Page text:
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Posts Tagged ‘Arlette Farge’

What We’re Loving: Archives, Architects, the Arctic Sky

April 25, 2014 | by

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Lebbeus Woods, San Francisco Project: Inhabiting the Quake, Quake City, 1995. Image via the Drawing Center

Sadie Stein already recommended Arlette Farge’s little book-length essay The Allure of the Archives. A year later, I have to second the recommendation. On the surface, this is a personal memoir by a feminist historian whose research—into eighteenth-century police files—fundamentally changed our picture of pre-revolutionary Paris. But really this is a handbook about how to write, how to think about, history. Gripping, graceful, and beautifully translated by Thomas Scott-Railton, it captures the fun and the dangers of library work like nothing I’ve ever read. —Lorin Stein

A new anthology from Brick introduced me to Don DeLillo’s “Counterpoint: Three Movies, a Book, and an Old Photograph,” an essay from 2004. That title belies both the piece’s range and its force of concentration. It looks at Glenn Gould, Thelonious Monk, and Thomas Bernhard, three isolated, brilliant men who craved and feared the seclusion that came with their work. DeLillo is interested not just in their difficult lives but in the cultural consensus we reached upon their deaths—who did we decide these men were, and why? As its images begin to collect, all of them rendered in that laser-cut DeLillo prose, the essay becomes a haunting account of the distance between an artist and his audience, his art, and himself. DeLillo has a rare gift for writing about the sensory experience of art, for tracing the vectors of meaning in sight and sound. “In a busy diner,” he writes of a scene from Thirty Two Short Films About Glenn Gould, “there are voices in layers and zones, some folded over others, in counterpoint.” And he condenses The Fast Runner into a solitary image, an image of, well, overwhelming solitariness: “The man is running, eyes wild, into the arctic sky.” —Dan Piepenbring

Lebbeus Woods, who died in 2012, was an artist’s architect. He imagined the buildings that cities would need when calamity came calling. His work exists almost exclusively as experiment—only one of his ideas was actually constructed—and 175 of his graphite dreams are currently on display at the Drawing Center in SoHo. Some look like gashes in the side of a building, or what would happen to a street if it suddenly woke up. Some are like seedpods split open and engorged, a home for one suspended by a slender stalk, and some are simply floating, free of the city entirely. Or maybe these are cities, untethered, finally free to found themselves. —Zack Newick Read More »

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What We’re Loving: Lustig, Kiwis, and Carousels

June 28, 2013 | by

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“In the United States, the country with the world’s highest prison population rate (followed closely by Russia), prisoners work for between 93 cents and $5 a day, if they’re paid at all … But the Gulag is an image firmly imprinted on our American brains. It’s easy to imagine—exciting, even, especially since it’s so far away.” A short history of the show trial, with unforgettable digressions, by Daily regular Sophie Pinkham. —Lorin Stein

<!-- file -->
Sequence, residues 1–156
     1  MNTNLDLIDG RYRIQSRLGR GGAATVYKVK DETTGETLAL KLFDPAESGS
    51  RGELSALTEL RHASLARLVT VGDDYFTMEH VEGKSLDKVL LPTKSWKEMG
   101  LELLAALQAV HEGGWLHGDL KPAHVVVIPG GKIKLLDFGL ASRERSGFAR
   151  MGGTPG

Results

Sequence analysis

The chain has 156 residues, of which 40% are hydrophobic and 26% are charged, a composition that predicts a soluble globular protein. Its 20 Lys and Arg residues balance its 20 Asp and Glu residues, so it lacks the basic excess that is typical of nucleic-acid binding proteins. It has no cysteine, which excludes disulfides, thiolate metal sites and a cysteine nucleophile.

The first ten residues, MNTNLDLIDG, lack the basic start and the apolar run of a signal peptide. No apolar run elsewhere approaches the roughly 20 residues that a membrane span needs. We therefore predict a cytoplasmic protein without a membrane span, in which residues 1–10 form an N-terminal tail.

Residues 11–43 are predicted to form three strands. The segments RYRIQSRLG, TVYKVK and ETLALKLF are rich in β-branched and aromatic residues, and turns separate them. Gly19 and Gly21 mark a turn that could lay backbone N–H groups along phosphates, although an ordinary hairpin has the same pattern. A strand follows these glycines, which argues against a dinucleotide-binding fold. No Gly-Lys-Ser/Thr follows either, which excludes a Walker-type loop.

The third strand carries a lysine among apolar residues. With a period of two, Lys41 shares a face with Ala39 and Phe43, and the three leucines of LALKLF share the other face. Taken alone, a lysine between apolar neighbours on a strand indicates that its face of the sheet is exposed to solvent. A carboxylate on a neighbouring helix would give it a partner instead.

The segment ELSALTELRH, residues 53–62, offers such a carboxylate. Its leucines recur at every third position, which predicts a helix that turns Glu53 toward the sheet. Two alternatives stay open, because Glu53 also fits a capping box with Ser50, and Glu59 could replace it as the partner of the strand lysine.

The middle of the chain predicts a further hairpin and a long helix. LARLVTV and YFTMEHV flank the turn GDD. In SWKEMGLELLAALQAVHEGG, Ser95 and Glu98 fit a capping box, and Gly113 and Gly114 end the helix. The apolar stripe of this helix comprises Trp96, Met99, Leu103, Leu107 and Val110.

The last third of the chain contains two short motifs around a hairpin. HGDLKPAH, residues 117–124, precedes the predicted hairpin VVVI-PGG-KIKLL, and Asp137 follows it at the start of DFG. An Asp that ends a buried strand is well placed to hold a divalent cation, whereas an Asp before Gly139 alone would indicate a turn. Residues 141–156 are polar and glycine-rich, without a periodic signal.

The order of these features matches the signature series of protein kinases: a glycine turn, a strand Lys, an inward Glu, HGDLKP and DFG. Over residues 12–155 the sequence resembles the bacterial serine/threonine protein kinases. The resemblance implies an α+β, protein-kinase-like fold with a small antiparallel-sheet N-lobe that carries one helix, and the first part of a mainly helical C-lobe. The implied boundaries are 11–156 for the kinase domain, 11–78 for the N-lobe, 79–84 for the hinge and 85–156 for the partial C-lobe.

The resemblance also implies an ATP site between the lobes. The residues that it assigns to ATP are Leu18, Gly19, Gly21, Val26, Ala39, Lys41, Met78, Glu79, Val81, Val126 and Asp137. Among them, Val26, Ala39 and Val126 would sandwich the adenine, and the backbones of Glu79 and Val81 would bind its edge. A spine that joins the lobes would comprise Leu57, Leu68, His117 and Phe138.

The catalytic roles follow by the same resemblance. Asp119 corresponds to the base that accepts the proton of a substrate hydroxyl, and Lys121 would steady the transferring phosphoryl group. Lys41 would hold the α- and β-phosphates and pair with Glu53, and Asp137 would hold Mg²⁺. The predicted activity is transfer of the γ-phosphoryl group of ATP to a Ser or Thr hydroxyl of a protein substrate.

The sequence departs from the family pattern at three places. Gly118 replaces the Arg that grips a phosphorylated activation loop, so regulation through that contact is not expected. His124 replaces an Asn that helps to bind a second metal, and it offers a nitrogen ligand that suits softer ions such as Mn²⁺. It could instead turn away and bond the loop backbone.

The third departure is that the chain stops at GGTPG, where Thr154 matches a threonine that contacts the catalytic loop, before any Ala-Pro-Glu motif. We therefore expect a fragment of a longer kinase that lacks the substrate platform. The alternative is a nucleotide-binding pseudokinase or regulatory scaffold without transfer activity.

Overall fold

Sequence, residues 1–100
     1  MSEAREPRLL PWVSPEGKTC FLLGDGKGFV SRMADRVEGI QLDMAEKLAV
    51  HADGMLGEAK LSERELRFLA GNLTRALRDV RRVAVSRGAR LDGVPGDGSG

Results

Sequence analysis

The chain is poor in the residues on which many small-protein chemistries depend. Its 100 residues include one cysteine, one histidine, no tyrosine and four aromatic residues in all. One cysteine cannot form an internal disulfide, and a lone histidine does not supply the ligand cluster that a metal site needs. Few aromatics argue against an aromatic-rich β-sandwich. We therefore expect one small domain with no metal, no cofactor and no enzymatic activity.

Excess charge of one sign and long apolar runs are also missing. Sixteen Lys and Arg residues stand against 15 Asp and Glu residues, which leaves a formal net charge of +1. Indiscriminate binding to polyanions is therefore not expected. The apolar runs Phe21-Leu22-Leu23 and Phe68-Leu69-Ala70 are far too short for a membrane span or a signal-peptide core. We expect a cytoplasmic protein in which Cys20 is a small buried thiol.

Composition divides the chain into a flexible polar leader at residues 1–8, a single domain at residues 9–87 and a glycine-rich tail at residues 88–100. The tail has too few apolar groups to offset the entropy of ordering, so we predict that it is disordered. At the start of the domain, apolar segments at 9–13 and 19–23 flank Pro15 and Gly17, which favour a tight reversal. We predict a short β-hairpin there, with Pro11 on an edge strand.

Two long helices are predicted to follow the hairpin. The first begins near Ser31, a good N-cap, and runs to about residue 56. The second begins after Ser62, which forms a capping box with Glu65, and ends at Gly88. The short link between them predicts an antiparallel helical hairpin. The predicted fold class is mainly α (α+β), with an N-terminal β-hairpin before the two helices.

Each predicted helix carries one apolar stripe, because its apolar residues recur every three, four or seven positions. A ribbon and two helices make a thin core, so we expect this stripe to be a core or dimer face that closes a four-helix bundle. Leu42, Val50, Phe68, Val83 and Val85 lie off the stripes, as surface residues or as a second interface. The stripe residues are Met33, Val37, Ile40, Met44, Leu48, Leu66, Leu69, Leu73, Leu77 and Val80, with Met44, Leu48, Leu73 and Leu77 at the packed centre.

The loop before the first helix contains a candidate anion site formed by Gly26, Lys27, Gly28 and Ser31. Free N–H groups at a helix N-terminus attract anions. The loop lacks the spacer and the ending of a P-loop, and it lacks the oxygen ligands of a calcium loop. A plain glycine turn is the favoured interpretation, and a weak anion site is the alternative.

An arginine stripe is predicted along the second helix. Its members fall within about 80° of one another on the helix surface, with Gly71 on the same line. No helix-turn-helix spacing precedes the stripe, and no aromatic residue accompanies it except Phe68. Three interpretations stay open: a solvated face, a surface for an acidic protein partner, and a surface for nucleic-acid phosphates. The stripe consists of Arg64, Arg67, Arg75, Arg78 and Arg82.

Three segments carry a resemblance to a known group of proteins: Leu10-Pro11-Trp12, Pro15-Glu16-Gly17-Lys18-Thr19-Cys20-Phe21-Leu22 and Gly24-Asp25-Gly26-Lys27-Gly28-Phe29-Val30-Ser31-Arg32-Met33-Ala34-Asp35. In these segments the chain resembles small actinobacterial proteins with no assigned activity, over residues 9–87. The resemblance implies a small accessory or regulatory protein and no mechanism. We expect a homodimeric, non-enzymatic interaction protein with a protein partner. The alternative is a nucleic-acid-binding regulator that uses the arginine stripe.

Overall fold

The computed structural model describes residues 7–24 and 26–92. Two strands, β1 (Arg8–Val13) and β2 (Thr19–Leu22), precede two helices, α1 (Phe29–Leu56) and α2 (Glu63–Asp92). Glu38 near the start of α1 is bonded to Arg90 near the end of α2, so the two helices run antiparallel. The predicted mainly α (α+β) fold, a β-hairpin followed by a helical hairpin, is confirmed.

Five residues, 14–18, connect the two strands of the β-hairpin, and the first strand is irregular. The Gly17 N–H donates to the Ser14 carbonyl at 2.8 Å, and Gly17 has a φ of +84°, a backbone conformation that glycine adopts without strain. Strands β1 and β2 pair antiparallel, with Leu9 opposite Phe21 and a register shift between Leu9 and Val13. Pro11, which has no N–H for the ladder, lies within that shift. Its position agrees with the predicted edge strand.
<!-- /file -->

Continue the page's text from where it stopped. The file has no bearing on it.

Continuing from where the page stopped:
In 1989, historian Arlette Farge published Le goût de l’archive, her account of immersing herself in the ancient records of the archives of the Bastille. While a virtual love letter to historiography may sound less than riveting, this is an engaging and strangely moving evocation of the pleasures of scholarship. Now out in a new translation (The Allure of the Archives) from Yale University Press. —Sadie O. Stein

Initially, David Ballantyne’s Sydney Bridge Upside Down seems like the perfect summer read: light in conflict, filled with the typical summer escapades that teenagers get into when there’s nothing better to do but get in trouble. However, Ballantyne’s an expert poker player, and a prime example of New Zealand literature (“slaughterhouse fiction”), in which the pastoral paradise initially imagined by Britain as a South Pacific Eden instead morphed from an economy of industrialized violence into casual societal violence. (See the recent Jane Campion miniseries Top of the Lake, for example.) No one leaves this novel unscathed, characters or reader. You’ve been warned. —Justin Alvarez

A few nights ago I watched Max Ophüls’s La Ronde. At the beginning of the movie and between each vignette in it, the omnipresent narrator delivers a little sing-song bit about the inevitable turn, turn, turn of romantic affairs while cranking a carousel round and round. And what a magnificent carousel it is—by far my favorite part of the movie. A turn-of-the-century model (La Ronde was filmed in France 1950 but set in fin-de-siècle Vienna), it has a wooden horse or two, but also a bicycle, a step-stool, a swing, an armchair. Oil lamps hang from the interior of its scalloped canopy. When looking for information about the provenance of this particular carousel, I came across images of two astounding modern carousels at the annual Christmas market in Brussels. This article gives the story behind them. —Clare Fentress

New Directions has put out the most beautiful set of postcards, featuring the book cover that the legendary Alvin Lustig designed between 1941 and 1953. Almost too pretty to use. —S.O.S.

 

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